I’ve fielded this question a couple of times, so I thought I’d give to formal list here. These are the books I’ve used (and continue to) to get started with VBA/Excel programming (among other things). I also list the sites I visit regularly when I feel like expanding my Excel/VBA knowledge.
Excel 2010 Power Programming with VBA, by John Walkenbach – After I finished poking around Google trying to find the answers to my questions, I decided it was time to get serious and get some structured learning. This was the first book I bought, and remains one of the two I refer to the most.
Professional Excel Development, by Bullen, Bovey, and Green – This is the other book I hit on a regular basis. I never fail to learn something when I go to it (usually something I’ve learned before and had simply forgotten). But take note: this puppy is NOT for beginners. It’s barely for the intermediate programmers. There is a gold mine of information in there, but you really need to know what you’re doing in VBA to digest some of the content. But if you’re ready for it, you can’t do better.
Excel 2002 VBA Programmers Reference, by Bovey and Rosenberg – This one’s an old one, and has probably been updated since I bought it. But this is the one I’ve got. It has some nice stuff on connecting Excel to Access using both ADO and DAO, including how to connect to Excel as a data source with ADO, which I’ve referenced quite a bit.
Programming Excel with VBA and .NET, by Webb and Saunders – I like this one because it’s essentially a paper version of the Excel object model, but instead of being just a straight list of objects, properties, and methods, it gives some textual description of said objects, properties, and methods, and usually gives some nice short code examples of how to use them.
VBA Developer’s Handbook, 2nd Edition, by Getz and Gilbert – This one goes DEEP. Mike is Product Manager with Microsoft’s Developer Tools division, specializing in VBA. He knows this stuff inside out and upside down. The result is some incredibly deep knowledge that can be very useful, but can also go over your head. But it contains things you won’t find in a lot of places. You want to program media files? This is the book. Harness the information about your monitor? It’s in there. Build custom data structures? Yup. It’s all in there. But this this level of programming is pretty complicated, so tread carefully.
Pivot Table Data Crunching, by Jelen and Alexander – I love this one. It’s a compact book for a computer book (only 288 pages), but it gives so much great info on pivot tables. And not just pivot tables from a user interface perspective, but also includes how to program them with VBA.
Sams Teach Yourself SQL in 10 Minutes, by Ben Forta – This one isn’t a VBA book (as you can clearly see by the name). This one is a great, slim little gem that gives you the basics of how to program SQL. Syntax is everything. And since there will come a point where you have to hook an Excel sheet up to and Access database (don’t shake your head at me, I’m telling you, it WILL happen), this gives you the fundamentals you need to keep from screwing up the syntax.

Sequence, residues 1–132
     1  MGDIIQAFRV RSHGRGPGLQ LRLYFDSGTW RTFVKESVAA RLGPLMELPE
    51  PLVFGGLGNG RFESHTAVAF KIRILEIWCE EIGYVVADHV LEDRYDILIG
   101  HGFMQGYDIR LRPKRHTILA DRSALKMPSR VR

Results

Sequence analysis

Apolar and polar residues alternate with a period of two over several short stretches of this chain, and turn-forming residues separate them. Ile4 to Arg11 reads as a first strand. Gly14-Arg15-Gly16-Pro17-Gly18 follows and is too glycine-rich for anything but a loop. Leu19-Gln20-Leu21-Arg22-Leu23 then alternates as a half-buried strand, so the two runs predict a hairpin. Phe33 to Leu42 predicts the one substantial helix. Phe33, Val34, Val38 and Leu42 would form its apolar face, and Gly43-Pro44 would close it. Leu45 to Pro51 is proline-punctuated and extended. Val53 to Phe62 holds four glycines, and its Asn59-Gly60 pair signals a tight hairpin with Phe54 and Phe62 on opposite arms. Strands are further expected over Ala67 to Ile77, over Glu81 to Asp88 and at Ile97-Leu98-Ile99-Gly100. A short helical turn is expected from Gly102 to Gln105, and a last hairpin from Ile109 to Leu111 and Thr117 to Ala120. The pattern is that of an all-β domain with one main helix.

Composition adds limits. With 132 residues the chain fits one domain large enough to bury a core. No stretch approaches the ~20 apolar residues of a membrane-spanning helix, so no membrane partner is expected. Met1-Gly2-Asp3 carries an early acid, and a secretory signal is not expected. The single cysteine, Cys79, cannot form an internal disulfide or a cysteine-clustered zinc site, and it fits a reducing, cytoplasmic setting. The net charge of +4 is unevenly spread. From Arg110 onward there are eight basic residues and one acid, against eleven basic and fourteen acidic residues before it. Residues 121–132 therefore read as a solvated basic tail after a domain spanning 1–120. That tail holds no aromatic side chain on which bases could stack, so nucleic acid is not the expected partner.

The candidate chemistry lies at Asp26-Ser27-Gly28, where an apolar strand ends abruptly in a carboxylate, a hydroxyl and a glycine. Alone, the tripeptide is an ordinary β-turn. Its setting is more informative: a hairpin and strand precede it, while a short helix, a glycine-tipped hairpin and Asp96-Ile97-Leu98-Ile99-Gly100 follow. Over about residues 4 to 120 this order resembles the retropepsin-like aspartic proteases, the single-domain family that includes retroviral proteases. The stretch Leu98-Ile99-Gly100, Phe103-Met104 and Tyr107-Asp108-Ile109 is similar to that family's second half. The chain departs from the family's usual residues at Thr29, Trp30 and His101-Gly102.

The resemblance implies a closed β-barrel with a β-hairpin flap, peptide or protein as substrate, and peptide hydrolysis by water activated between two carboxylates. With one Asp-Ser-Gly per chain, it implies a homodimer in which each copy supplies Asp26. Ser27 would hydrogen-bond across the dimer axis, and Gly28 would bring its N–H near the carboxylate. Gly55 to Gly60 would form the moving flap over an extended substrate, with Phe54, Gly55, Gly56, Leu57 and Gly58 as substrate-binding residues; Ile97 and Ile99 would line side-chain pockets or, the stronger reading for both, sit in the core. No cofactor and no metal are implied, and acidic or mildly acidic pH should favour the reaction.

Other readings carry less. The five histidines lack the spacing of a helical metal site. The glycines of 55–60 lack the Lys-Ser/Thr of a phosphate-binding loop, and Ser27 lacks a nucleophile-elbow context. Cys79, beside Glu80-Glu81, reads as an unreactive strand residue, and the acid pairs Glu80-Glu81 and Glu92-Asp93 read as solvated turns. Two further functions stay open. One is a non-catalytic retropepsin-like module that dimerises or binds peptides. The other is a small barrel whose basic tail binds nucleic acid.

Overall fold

Really there are only three sites I hit up on a regular basis.
Daily Dose Of Excel – Dick has been blogging about Excel for at least ten years. He’s got an easy conversational style that’s fun to read and easy to digest. I landed on this site a number of times while searching for VBA solutions I couldn’t figure out on my own. There’s one thing about Dick’s site that makes it unique: it’s the site at which everybody gathers to talk about Excel and VBA. Daily Dose of Excel is not always updated in a timely manner, with sometimes a month between entries (Dick, like most of the rest of us, has a day job), and it’s not like the content is organized into neat categories with each topic covered and cataloged. You can navigate the categories dropdown list in the blog’s sidebar, but don’t expect a page listing all of the topics in an index-like fashion. And yet, every Big Name Excel Personality flocks to it. I don’t know why, but there it is. Daily Dose Of Excel is the Cheers of Excel blogs, and Dick is Sam “Mayday” Malone.
Contextures – This is Deb Dalgleish’s site. It is loaded with content, updated nearly every day. Deb also includes a weekly round up of other Excel related items she’s found on other sites throughout the week. Her content is categorized, with each category giving you examples and tips and tricks and sometimes even quirks to watch out for. To give you an example, I had a column in a sheet two days ago with broken data validation. You could type any old thing in the cells when you should have been limited to a specific list. I figured there had to be a way to fix it. I remembered Deb had a ton of content on data validation on her site, so I went digging. Sure enough, I found what I was looking for and fixed it. But if that’s not enough to convince you, let me add that Deb might have the largest collection of multimedia, primarily videos demonstrating how to implement some of the content she covers, of any Excel site I’ve ever seen.
Pearson Software Consulting – Chip Pearson’s site is a fantastic collection of explanations on all kinds on Excel and VBA topics. But what really makes the content pop is that Chip usually adds custom routines the make your programming easier. For example, you might need to do some work with Names in Excel. Chip walks through the aspects of to code with Names, and then puts the things he’s just discussed together into prepackaged functions that you can call to make your programming life easier. I’ve used his site as a reference point for years.
So that’s it. Those are my recommendations. Have fun.